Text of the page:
No silver bullets

I caught up with a good friend that is also in venture capital. We were chatting about a company that he had backed early and that is on track to be quite successful. 

When I asked him about some of the key decision points in the company’s history, he said, “You know, there really were no silver bullets.”

His point as he elaborated was that the company did nothing that isn’t commonly accepted wisdom in building successful technology companies. The only difference, he mused, was that many companies try to skip steps.

He mentioned that it’s a lot like doing well in school. You put in your time. You do the work. You get a base of knowledge. You build on that knowledge. You’ll get some things quickly. Other things you might need to work on more or ask for help. You progress forward doing all the right things.

That really resonated with me. Partly, and this is coincidental, it was an interesting analogy given Peter Thiel’s recent efforts to encourage bright students to skip college and pursue entrepreneurship (The 20 Under 20 Thiel Fellowship.)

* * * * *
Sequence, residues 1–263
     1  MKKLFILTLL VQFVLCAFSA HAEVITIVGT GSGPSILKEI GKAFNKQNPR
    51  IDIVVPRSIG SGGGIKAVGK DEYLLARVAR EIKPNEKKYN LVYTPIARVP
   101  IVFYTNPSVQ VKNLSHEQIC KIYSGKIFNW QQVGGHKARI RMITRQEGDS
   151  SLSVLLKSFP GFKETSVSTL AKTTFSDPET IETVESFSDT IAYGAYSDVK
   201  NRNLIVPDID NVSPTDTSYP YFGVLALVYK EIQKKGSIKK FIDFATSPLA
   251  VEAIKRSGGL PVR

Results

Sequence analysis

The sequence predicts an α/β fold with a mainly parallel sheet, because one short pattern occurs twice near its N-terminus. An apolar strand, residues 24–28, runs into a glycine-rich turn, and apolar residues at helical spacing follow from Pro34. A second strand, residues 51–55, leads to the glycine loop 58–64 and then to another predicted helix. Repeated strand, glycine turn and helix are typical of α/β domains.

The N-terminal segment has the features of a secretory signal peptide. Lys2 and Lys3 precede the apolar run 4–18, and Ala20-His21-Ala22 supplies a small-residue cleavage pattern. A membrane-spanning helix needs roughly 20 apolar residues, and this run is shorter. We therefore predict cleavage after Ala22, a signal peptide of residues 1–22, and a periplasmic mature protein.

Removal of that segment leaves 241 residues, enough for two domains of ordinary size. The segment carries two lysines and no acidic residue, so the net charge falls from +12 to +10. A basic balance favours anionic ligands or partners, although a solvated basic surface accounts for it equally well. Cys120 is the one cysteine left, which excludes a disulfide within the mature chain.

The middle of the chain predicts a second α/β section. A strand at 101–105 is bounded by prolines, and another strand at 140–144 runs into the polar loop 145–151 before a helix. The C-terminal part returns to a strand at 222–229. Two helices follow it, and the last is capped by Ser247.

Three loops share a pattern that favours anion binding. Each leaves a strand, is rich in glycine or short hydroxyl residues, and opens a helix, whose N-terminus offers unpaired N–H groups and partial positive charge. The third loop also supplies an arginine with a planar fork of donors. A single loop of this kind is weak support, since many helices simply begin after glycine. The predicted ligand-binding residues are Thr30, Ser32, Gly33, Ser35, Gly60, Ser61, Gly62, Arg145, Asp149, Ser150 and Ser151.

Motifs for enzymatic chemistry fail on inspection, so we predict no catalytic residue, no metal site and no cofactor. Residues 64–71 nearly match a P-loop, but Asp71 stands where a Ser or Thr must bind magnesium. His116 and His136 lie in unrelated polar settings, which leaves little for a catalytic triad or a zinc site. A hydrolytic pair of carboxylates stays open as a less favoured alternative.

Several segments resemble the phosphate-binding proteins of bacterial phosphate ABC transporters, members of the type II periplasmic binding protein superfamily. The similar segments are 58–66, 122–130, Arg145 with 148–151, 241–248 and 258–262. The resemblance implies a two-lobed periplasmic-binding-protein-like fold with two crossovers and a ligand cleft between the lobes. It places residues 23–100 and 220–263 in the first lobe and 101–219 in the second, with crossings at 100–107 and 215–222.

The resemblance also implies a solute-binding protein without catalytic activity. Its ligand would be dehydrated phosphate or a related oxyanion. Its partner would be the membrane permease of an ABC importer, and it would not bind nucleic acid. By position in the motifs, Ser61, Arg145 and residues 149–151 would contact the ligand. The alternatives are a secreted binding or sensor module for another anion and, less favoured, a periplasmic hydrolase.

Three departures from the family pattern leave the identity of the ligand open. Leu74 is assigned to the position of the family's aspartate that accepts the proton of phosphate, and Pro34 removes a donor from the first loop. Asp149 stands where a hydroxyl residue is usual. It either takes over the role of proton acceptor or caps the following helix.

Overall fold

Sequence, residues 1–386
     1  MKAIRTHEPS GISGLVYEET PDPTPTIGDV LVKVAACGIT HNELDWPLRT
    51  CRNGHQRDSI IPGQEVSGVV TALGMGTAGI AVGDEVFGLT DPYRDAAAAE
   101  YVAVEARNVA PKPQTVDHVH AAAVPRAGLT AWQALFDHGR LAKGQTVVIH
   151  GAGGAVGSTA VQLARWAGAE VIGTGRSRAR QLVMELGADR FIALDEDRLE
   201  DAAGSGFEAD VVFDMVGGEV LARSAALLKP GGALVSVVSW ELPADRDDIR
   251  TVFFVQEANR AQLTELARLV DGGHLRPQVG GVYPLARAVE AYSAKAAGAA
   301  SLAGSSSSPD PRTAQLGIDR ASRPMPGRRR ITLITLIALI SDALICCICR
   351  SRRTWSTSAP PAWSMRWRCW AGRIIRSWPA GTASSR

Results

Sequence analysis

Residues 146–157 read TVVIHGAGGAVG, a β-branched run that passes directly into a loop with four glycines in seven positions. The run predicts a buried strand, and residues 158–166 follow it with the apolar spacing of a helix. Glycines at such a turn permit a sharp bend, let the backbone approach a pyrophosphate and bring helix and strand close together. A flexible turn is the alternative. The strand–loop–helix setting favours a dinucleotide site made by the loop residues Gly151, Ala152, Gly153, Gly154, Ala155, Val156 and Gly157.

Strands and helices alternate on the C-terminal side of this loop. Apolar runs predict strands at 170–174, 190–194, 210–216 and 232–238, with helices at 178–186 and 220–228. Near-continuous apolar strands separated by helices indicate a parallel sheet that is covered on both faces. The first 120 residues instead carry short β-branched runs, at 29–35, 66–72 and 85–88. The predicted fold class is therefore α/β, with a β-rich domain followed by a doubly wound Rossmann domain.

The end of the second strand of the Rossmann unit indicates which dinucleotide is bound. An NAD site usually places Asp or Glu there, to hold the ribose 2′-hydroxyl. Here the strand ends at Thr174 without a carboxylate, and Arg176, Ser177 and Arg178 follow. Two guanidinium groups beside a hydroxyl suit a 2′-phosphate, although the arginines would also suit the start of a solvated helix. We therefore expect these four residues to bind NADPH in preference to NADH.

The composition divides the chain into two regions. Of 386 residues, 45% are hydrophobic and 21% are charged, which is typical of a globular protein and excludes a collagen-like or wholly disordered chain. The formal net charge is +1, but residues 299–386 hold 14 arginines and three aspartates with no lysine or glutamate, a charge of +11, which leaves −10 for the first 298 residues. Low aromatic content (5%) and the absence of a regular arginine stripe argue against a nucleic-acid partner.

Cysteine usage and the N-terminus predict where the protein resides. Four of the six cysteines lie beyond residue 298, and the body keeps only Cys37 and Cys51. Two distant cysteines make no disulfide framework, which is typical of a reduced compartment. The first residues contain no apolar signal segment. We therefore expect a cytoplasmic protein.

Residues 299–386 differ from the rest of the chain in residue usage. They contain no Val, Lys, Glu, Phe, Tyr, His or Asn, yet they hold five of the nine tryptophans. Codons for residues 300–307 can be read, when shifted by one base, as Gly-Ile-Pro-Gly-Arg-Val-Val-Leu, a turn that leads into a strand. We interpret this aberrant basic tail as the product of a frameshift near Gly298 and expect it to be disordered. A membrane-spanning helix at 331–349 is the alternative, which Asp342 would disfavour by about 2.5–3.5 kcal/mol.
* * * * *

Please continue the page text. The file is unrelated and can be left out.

More so, however, his perspective jived with something I’d been wondering lately: there are no secrets. Wisdom is there for the taking. There’s more good writing on the web than one can digest.

Most people in and around the Valley ecosystem of entrepreneurship can articulate the key lessons of building a successful company: target a big market, build a great product, get a product in front of customers, learn what customers want, build a great team, find product-market fit, articulate benefits, establish a strong culture, work well with your teammates, find a revenue model, raise capital, scale distribution, scale marketing, scale recruiting, raise more capital, make the product better, etc. 

But it’s amazing how many companies I see that are quite far along (in terms of capital raised more so than revenue) that, for example, haven’t found a compelling product-market fit. 

There are no secrets. Just the conviction that you’re doing what needs to be done and the grit to do it day in and day out.